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Neurophysiologic tests screening cognitive impairment in idiopathic intracranial hypertension patients



Idiopathic intracranial hypertension (IIH) is a disorder with increased intracranial pressure of obscure cause. Patients with IIH may suffer from difficulty in thinking or concentrating. This work aimed at highlighting the neurophysiologic suggestions of cognitive impairment in IIH patients.


Twenty patients with IIH—and a similar number of matched control subjects—were examined in this case–control study. The P300 and contingent negative variation (CNV) were performed. Results from both groups were compared.


There were significant lower means of P300 amplitude and CNV amplitude (early and late response) in patients than in controls. Also, there were significant delayed latencies of P300 and CNV in patients than in normal control subjects. Finally, P300 latency was correlated to mini-mental state examination.


We concluded that cognitive affection in IIH is well appreciated at neurophysiologic levels and is related to clinical inputs. We are providing a suggestion of the significant relation between clinical screening (i.e., mini-mental state examination) and NP screening (i.e., P300) of cognitive functions.


Idiopathic intracranial hypertension (IIH) is a disorder with increased intracranial pressure with no clinical, laboratory, or radiological evidence of intracranial pathology on conventional imaging (Wall 2010). Yet, definite altered cerebrospinal fluid (CSF) dynamics is present (Sinclair et al. 2010). Symptoms include headache, diplopia, pulsatile tinnitus, visual blurring, nausea, and vomiting. Modified Dandy criteria can be used to establish a diagnosis of IIH. Moreover, a cutoff for elevated CSF opening pressure needs to be specified (Friedman and Jacobson 2002). The event-related potential (ERP), P300, is involved in cognitive processing (Thakur et al. 2011), whereas the contingent negative variation (CNV) is another ERP that is speculated to show awareness, attention, decision-making, planning, and conation, as well as readiness for a motor response (Uysal et al. 2014).

Aim of work

The hypothesis of impaired cognition in IIH patients was adopted. Neurophysiologic (NP) tests were used as tools to screen for the presence/absence of impaired cognition in such patients.


Twenty patients (group I) with IIH were examined. Patients were diagnosed according to Dandy criteria for diagnosis of IIH disease. Twenty healthy subjects, matched for age, sex, and level of education, represented the control group (group II). All patients of group I and subjects of group II gave informed consent to share in this study. The study was officially approved by two appropriate ethical committees (intradepartmental and faculty ethical committees).

Group I included patients with a score greater than or equal to 24 on mini-mental state examination (MMSE), having intracranial pressure greater than 25 cmH2O measured in lateral decubitus position, showing normal CSF composition, and the absence of hydrocephalus or mass in imaging. Ages ranged from 18 to 45 years, and education started at 6 years or more. The study excluded patients with major language disturbance; severe physical, auditory, or visual impairment affecting their ability to complete testing; those with a history of alcohol intake or any substance abuse, with evidence of any concomitant medical or metabolic illness known to affect cognition—e.g., thyroid or parathyroid disease, hepatic or renal failure; those with current or prior history of major psychiatric disorder and/or current use of anxiolytic, neuroleptic, or sedative medication; and—finally—those with known comorbidities such as hypertension or diabetes mellitus.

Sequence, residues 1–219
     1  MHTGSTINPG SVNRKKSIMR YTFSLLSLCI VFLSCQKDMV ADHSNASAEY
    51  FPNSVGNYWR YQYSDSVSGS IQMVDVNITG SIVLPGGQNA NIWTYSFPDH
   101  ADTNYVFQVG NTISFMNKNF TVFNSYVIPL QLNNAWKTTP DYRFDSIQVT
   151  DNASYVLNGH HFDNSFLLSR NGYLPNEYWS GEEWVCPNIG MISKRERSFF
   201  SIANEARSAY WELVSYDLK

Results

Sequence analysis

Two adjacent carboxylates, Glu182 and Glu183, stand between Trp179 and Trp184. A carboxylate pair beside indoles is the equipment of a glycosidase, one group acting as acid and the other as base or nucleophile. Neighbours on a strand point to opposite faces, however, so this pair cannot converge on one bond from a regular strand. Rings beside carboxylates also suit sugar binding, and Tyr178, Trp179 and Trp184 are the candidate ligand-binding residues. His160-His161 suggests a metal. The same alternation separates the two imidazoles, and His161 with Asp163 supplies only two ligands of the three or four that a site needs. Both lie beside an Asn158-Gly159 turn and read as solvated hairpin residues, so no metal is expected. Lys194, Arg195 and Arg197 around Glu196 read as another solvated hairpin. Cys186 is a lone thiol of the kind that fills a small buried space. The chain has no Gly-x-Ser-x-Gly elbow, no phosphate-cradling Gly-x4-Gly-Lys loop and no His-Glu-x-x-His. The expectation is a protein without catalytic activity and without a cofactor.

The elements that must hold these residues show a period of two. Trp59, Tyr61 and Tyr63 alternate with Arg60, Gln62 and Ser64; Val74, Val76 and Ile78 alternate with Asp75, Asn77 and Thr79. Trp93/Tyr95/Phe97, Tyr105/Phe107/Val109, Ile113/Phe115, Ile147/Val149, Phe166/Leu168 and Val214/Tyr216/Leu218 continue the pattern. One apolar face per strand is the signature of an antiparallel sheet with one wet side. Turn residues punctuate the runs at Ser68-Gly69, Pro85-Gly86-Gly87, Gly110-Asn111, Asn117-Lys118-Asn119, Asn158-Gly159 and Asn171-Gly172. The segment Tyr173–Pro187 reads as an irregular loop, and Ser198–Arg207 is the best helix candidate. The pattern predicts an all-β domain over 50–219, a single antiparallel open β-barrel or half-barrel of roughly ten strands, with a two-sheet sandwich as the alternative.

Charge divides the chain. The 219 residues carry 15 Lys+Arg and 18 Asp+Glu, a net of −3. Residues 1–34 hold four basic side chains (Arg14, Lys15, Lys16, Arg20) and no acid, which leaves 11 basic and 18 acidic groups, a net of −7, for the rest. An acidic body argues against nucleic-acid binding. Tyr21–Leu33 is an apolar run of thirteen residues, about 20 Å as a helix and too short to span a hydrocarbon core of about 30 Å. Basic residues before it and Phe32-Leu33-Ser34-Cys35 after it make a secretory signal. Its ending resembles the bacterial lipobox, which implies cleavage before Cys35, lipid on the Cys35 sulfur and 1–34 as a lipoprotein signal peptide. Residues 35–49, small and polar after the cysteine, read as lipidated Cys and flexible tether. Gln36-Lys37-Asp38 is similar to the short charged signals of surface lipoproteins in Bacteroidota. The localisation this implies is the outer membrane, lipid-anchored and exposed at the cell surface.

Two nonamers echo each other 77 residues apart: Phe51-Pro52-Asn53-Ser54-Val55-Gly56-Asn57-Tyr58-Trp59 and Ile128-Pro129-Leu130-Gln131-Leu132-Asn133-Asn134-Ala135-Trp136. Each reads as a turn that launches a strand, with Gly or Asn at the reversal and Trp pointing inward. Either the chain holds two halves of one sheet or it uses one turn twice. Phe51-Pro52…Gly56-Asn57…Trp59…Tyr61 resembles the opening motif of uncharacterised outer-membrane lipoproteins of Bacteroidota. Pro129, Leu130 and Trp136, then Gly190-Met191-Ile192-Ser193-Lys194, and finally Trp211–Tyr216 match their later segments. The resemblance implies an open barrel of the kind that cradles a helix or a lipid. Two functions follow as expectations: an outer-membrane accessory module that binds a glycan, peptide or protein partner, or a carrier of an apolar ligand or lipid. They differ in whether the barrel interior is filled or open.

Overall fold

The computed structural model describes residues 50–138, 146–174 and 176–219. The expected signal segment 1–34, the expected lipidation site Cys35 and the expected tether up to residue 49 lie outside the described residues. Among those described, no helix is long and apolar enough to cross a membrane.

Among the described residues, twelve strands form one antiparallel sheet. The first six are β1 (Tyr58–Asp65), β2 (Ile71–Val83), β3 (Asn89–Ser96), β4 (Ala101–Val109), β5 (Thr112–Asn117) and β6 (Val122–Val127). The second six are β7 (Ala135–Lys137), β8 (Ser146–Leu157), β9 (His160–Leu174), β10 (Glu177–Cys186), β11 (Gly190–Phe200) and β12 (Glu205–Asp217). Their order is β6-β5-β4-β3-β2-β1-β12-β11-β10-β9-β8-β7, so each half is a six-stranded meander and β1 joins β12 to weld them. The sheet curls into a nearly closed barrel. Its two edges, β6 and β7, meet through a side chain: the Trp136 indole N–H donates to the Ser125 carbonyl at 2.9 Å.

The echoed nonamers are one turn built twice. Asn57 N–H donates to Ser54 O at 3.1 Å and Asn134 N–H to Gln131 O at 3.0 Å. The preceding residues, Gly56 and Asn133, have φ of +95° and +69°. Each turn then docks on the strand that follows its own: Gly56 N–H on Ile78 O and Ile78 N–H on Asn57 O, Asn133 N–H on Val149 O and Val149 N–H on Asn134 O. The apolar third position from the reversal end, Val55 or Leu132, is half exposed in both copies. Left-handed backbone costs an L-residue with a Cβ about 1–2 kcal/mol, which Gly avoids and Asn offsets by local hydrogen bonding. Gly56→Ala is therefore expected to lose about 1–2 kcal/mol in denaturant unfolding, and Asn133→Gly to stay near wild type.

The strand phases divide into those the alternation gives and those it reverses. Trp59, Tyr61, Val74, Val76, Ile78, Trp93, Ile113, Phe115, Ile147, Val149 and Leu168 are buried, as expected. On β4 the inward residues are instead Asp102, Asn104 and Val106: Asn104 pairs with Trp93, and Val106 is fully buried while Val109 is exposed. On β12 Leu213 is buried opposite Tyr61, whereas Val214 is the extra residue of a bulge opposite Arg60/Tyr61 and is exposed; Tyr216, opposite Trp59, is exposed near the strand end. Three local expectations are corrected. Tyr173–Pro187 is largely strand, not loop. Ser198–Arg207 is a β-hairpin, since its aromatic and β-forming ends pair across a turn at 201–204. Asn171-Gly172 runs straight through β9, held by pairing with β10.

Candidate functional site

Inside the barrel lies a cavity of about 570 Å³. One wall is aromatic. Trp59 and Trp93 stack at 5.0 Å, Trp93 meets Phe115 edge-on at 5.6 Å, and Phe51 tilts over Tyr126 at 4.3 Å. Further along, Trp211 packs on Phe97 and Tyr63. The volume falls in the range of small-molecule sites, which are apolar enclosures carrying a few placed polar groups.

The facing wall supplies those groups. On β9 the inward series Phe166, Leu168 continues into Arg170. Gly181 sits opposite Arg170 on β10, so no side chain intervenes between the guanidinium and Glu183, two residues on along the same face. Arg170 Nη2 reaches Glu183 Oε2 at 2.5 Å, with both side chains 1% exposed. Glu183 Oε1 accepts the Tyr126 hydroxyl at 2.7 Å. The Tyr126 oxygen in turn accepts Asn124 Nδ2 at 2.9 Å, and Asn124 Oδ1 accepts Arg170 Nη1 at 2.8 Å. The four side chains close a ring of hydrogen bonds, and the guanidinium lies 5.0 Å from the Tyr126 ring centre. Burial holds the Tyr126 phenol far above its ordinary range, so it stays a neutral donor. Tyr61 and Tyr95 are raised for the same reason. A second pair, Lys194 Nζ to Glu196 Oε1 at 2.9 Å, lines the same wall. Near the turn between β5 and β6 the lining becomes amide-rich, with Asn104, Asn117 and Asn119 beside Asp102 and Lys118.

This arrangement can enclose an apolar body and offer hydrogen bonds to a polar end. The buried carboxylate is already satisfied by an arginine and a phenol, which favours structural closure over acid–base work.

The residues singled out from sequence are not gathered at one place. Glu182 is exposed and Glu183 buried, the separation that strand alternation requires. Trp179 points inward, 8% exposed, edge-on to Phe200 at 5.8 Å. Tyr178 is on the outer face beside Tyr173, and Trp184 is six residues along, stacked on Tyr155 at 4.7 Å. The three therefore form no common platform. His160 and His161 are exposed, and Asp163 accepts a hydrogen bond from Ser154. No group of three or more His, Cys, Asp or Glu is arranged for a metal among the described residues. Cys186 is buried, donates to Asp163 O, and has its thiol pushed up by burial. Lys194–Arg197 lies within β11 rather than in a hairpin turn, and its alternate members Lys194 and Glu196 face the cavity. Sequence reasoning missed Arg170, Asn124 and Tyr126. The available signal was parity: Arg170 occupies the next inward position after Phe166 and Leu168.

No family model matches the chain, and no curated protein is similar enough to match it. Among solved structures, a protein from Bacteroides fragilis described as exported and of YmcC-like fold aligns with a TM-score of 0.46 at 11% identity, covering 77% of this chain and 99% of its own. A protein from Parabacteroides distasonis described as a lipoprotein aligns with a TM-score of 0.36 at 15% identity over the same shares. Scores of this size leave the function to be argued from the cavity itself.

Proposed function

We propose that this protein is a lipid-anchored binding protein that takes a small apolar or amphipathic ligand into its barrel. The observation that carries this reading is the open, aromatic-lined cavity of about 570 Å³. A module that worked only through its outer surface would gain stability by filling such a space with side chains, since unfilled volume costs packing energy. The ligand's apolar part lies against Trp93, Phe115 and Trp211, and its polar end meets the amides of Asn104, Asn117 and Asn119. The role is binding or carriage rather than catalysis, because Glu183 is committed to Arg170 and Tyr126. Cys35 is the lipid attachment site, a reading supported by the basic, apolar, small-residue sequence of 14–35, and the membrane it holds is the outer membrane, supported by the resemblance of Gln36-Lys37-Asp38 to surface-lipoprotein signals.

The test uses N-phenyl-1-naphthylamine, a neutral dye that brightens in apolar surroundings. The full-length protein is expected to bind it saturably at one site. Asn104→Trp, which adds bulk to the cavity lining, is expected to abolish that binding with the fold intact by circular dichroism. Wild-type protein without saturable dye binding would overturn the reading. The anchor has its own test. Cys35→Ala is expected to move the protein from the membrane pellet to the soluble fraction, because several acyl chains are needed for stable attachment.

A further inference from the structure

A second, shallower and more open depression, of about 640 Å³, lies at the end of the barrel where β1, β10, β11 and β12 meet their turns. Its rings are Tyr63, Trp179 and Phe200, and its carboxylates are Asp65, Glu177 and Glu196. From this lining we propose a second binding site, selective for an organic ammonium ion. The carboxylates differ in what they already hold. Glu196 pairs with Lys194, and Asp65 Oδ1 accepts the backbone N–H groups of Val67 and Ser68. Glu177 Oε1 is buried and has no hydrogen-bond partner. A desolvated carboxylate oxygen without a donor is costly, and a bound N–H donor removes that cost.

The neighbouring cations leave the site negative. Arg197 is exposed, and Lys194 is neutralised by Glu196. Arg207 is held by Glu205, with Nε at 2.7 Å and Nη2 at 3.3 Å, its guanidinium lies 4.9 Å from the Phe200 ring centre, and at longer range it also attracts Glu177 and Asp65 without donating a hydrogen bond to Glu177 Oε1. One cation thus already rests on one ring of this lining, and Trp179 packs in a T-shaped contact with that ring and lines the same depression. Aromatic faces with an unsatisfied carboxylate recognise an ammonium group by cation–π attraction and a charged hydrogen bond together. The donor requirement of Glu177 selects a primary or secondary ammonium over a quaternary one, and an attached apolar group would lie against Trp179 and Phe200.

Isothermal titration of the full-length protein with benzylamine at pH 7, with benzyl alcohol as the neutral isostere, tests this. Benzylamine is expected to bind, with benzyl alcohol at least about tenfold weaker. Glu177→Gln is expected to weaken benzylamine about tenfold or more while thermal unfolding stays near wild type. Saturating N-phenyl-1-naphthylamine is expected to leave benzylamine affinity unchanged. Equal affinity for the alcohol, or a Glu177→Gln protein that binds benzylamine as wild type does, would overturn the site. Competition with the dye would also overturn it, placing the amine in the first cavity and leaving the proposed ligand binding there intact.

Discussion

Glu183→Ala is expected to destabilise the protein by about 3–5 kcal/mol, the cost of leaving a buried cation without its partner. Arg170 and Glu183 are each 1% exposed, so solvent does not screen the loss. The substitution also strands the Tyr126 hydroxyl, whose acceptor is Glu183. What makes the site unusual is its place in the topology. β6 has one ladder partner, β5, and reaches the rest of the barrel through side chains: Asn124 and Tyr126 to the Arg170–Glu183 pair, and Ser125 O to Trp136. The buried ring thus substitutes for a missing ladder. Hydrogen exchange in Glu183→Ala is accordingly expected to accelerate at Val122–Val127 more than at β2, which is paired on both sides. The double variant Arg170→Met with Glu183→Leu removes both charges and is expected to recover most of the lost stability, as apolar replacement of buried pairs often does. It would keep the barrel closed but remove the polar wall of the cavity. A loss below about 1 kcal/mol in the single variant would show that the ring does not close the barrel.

The MMSE assesses subjects’ orientation to time and place, instantaneous memory, short-term memory, serial subtractions or reverse spelling constructional capacities (copying a design), and use of language (Folstein et al. 1975). Clinical assessment was carried out for the patients, and it included general examination, with different systems assessment to exclude any associated medical illness, as well as thorough history taking and full neurological examination, according to the IIH sheet of the local Neurology Department (Additional file 1: Appendix 1).

Neurophysiologic tests performed for both groups included P300, as well as CNV (Additional file 3).

The machine used to record both responses was Neuropack MEB-9200 G/K EP/EMG measuring system four-channel, version 08 (Neuropack M1); manufacturer: Nihon Kohden, Tokyo, Japan). The active electrode was placed at CZ according to the 10–20 international system of electroencephalography electrode placement, the reference electrode was placed over either mastoid process, and the ground electrode was placed on the forehead. For the P300 test, the auditory oddball paradigm was carried out, after determining the hearing threshold for each subject. Two hundred auditory stimuli (bursts) were presented to the ears through earphones, with an intensity of 60 dB above the hearing threshold; 80% of tones were 2 kHz in frequency (background tones), whereas the remaining 20% were 8 kHz (target tones). These tones presented randomly intermixed at a rate of 0.5/s. The wave P300 was defined as the most positive point of the average waveform to the target tones after 250 ms and before 500 ms. However, for the CNV, a single click elicits a brief positive peak and a brief negative peak. On the other hand, when a single click is followed by repetitive flashes that are terminated by a button press, there is another large gradual negative peak, which ends sharply with the button press. This is the CNV methodology used in the study. The CNV appears after about 30 trials of paired stimuli, although this number can be reduced when the subject understands the task in advance.